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"I want to change with each record, and experiment with each release, right from the start," Marika Hackman said in a recent interview with The Guardian as she spoke of the creative freedom she felt when writing her debut album We Slept at Last. Experimentation doesn't always have to come from the leftfield, and sometimes just nudging the boundaries towards a place where you can explore old ideas but in new, interesting ways, can be enough to create a sense of ownership between a singer and their sound. The album, recorded at London's Iguana Studios and produced by long term collaborator Charlie Andrew, was written within the space of two months, as Hackman used this short window as a means of capturing personal feelings of restlessness or anxiety into a singular body of work where the "I" was always her own self.

Marika Hackman has always been a very dark songwriter. Even on the more pastoral, rootsy 2013 cut 'Wolf', she sings of being "strapped against a bow / Of a ship that's captained by fraud," attacking an ex-lover who's memory alone makes her sick. We Slept At Last is even more insular, further exploring this notion that music can be window for your own afflictions and complexities whilst discarding the noise that makes up the rest of this world. "I've been weeping silent like a wound / Won't you stitch me up or let the blood soak through?" she pleads on 'Animal Fear', before a chorus of falling melodic sequences that make the song feel unnervingly familiar, like the young girl singing a nursery rhyme in the climax of one of those low budget horror movies. On 'Skin', an obvious centrepiece, there is a gorgeous counterpoint between her own vocals and those of St Ives singer-songwriter Sivu, playing opposites in a relationship blighted by jealousy and insecurity. "I'm jealous of your neck," Hackman sings, "You told me of your heart," Sivu responds, both as two lovers who are being forced to come to terms with the person their relationship has turned them into. The vocals feel almost unbearably close, where every intake of breath creeping sharply above the sliding of fingers on the fret board. It's like you're eavesdropping on your parents having an argument in their bedroom: you can feel the intimacy, but you're not invited.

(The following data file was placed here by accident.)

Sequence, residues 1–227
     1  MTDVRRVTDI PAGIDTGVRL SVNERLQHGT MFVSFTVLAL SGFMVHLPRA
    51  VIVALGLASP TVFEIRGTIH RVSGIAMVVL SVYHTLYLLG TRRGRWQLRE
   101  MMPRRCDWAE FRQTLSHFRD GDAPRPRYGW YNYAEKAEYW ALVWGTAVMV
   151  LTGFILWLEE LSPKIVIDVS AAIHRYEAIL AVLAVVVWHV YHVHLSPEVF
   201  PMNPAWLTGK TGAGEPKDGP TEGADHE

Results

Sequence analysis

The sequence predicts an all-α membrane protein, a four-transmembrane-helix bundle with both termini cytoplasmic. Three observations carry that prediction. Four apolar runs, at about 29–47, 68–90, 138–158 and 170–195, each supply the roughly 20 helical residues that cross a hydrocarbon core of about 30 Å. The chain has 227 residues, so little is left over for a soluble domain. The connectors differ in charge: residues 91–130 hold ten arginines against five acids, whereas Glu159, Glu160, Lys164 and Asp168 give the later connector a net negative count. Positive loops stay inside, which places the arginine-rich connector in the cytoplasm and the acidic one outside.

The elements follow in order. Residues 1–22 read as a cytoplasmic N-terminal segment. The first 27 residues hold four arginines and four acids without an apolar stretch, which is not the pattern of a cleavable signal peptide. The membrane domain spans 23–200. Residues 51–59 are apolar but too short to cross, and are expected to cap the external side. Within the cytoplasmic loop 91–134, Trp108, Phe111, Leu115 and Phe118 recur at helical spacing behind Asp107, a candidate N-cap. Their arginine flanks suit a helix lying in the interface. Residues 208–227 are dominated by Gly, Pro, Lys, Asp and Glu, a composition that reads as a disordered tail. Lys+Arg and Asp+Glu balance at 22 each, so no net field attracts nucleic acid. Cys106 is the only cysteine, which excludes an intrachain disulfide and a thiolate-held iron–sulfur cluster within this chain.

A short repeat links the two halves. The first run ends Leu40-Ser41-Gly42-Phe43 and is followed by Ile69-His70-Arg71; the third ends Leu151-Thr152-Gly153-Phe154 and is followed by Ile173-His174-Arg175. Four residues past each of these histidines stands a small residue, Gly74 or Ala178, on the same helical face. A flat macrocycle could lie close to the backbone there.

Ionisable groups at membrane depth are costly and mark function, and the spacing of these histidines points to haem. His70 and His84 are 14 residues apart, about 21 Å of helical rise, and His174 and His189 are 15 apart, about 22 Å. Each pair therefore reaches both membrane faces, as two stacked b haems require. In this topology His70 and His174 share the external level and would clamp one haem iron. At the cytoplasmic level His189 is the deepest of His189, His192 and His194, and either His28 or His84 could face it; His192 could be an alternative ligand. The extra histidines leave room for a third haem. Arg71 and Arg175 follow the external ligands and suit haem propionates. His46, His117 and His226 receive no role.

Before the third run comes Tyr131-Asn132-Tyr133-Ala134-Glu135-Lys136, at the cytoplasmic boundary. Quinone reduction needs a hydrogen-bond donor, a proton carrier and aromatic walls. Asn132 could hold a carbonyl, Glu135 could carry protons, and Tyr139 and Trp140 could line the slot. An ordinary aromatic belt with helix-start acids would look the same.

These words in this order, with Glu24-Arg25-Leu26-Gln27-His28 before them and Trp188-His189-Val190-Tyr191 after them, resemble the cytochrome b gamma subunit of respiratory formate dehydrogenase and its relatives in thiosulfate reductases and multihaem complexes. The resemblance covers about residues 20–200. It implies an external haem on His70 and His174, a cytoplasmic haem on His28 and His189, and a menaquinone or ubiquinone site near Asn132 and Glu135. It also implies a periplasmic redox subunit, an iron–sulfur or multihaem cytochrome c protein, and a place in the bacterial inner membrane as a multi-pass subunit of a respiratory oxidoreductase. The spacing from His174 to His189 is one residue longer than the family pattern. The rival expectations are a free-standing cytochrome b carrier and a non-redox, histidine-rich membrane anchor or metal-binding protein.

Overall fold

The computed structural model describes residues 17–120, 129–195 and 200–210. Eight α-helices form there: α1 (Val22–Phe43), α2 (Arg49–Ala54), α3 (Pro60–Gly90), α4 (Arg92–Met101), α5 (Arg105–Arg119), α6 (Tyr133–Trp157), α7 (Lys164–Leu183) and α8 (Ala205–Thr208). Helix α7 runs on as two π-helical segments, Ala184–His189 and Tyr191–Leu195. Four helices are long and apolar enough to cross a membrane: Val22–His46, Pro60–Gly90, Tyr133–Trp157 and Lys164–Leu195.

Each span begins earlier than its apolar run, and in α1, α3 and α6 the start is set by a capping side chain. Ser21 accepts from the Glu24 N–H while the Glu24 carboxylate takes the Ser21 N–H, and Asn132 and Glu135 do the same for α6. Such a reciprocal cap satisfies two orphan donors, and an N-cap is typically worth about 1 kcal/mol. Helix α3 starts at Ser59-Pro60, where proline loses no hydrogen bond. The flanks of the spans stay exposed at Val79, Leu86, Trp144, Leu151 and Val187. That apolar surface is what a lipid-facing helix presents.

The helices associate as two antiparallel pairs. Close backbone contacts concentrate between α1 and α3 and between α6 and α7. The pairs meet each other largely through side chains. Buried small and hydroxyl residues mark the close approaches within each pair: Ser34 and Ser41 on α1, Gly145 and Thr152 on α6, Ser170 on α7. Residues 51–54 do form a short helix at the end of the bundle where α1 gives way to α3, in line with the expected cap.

The album just comes up short during its more restrained moments, like the sparse, finger-picked 'Claude's Girl', which hangs motionless in the air waiting for a curtain that never quite drops, or the forgettable 'Monday Afternoon' and 'Undone, Undress', which are both over reliant on simplistic, directionless melodic phrases. Hackman works best when her naked, blood and guts emotional precision is offset by a textural grandiosity, the two acting as counterweights for their own intensity. Take the elegant strings that creep into the closing stages of 'Before I Sleep', the distorted, funeral march snare on the solemn 'Undone, Undress', or the swells of guitar feedback that anchor 'In Words'. In these moments, despite the dark, often very sad directions these songs head in, this still feels like a warm album, incorporating the timbre and soul of each instrument as an extra arm for artistic and emotional expression in a way that supports, but never smothers.

Hackman's voice is unshakably calm throughout. Even when faced with lines as biting as "So, I'll drown in your mind" from the excellent 'Drown', they are presented with a resolute stillness. She might be struggling, and these psychological wounds might run pretty deep, but even as they threaten to overwhelm she still remains in control of them. "Songwriting is about trudging through the darker sides of your brain and sifting that stuff out," Hackman told the Guardian, and this album has clearly served some sort of cathartic process for her. If you keep these things internalised then they become twisted, they get deformed, and eventually they turn into something you no longer understand. But the more you talk about it, the more normalised they become and the easier they are to live with. The result is a measured, wonderfully arranged, but emotionally singular album, tackling very personal feelings of doubt, pain and insecurity in a way that's easy to feel, but difficult to truly connect with.

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